On June 4, 2019, the DOC published its report entitled A Federal Strategy to Ensure Secure and Reliable Supplies of Critical Minerals.3 The report provided several recommendations for addressing the alleged vulnerabilities described in the 2017 Order, which included: (1) streamlining permitting and review processes related to developing mining claims or leases and enhancing access to domestic critical mineral resources in the United States; (2) improving understanding of domestic critical mineral resources (e.g., through topographical, geological, geophysical and bathymetrical mapping of the United States); (3) supporting educational initiatives to develop the US critical minerals workforce; and (4) increasing trade and cooperation with allied countries, such as Canada and Mexico, to reduce the likelihood of disruption to critical mineral supply chains.
The DOC report did not recommend the imposition of tariffs, quotas or other import restrictions, but it alluded to potential investigations under Section 232 of the Trade Expansion Act by suggesting that the government "[c]onsider whether the circumstances of U.S. reliance on imports of high risk materials merit investigations to determine the effect on U.S. national security[.]" Section 232 authorizes the President to "adjust imports" of any article, based upon a finding by the DOC that imports of the article threaten to impair US national security.4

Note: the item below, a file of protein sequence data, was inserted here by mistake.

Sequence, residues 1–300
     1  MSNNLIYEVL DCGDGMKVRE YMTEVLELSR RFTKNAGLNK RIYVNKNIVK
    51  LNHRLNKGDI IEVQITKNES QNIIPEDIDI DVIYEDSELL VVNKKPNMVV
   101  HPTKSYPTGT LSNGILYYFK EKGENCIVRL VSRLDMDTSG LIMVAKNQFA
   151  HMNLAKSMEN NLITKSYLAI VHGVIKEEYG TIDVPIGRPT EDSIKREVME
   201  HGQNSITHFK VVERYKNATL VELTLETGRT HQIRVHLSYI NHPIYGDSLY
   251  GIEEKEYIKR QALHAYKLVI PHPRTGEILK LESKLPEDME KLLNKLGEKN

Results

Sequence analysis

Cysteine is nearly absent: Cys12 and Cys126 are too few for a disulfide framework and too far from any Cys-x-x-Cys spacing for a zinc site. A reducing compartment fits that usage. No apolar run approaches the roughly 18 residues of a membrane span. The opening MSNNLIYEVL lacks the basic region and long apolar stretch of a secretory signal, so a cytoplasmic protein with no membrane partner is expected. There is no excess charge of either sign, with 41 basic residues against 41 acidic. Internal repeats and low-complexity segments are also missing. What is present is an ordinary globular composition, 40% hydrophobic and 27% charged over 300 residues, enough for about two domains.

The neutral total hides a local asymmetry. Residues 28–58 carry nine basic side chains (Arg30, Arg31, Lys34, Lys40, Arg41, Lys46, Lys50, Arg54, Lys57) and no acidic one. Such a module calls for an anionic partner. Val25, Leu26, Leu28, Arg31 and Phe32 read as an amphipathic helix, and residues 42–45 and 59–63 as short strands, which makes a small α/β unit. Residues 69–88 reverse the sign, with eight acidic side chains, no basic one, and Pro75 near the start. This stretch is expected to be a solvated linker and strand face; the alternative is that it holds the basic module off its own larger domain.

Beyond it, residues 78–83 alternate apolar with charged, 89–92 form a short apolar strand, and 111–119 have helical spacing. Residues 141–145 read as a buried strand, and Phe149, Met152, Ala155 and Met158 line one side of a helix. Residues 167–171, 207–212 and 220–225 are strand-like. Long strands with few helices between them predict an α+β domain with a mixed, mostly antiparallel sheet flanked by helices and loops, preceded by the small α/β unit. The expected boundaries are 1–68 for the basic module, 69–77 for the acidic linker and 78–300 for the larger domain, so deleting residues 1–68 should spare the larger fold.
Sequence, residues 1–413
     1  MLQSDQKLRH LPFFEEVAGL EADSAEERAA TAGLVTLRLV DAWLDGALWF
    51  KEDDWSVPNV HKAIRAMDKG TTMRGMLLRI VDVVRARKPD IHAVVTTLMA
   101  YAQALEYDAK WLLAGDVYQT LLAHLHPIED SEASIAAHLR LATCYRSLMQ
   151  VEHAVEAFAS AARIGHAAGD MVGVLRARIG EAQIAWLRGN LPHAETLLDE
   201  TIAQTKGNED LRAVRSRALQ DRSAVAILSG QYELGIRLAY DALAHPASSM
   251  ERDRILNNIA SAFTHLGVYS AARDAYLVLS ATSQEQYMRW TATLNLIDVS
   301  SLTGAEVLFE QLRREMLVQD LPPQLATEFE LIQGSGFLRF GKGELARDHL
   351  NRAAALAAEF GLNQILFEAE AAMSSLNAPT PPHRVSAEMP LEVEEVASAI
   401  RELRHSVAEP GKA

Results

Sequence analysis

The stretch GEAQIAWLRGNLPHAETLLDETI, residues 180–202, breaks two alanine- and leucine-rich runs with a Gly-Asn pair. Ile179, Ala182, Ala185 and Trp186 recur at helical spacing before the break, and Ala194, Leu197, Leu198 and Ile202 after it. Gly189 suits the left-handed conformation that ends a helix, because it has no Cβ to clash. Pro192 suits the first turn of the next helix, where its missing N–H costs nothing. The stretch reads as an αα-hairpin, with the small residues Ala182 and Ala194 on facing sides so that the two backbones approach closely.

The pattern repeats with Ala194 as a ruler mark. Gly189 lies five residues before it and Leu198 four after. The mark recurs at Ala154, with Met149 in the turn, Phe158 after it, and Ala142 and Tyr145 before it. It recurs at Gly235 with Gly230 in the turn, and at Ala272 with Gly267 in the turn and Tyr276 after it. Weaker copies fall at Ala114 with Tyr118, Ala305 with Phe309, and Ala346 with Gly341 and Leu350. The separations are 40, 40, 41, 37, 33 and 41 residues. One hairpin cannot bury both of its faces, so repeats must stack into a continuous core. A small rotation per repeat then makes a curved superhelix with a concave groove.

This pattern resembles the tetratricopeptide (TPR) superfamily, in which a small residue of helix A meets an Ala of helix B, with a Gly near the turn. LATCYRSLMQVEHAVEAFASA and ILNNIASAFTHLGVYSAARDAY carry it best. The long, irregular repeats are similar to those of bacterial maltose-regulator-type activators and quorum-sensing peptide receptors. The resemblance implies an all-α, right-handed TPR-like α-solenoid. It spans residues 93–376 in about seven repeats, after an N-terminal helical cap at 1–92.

September 30, 2020, Executive Order on "Addressing the Threat to the Domestic Supply Chain from Reliance on Critical Minerals from Foreign Adversaries"
Declaration of National Emergency
President Trump's 2020 Order goes beyond the previous 2017 Order by declaring a national emergency pursuant to the NEA with respect to "our Nation's undue reliance on critical minerals, in processed or unprocessed form, from foreign adversaries," which allegedly constitutes "an unusual and extraordinary threat, which has its source in substantial part outside the United States, to the national security, foreign policy, and economy of the United States."5 The declaration of such an emergency under the NEA is a prerequisite for the President to exercise his emergency powers under the International Emergency Economic Powers Act (IEEPA, 19 U.S.C. § 1701-1707), which authorizes the president to regulate international commerce with the United States in response to a national emergency.6 Among other authorities, subsection 203(a)(1)(B) of IEEPA authorizes the President to "investigate, block during the pendency of an investigation, regulate, direct and compel, nullify, void, prevent or prohibit, any acquisition, holding, withholding, use, transfer, withdrawal, transportation, importation or exportation of, or dealing in, or exercising any right, power, or privilege with respect to, or transactions involving, any property in which any foreign country or a national thereof has any interest by any person, or with respect to any property, subject to the jurisdiction of the United States[.]"7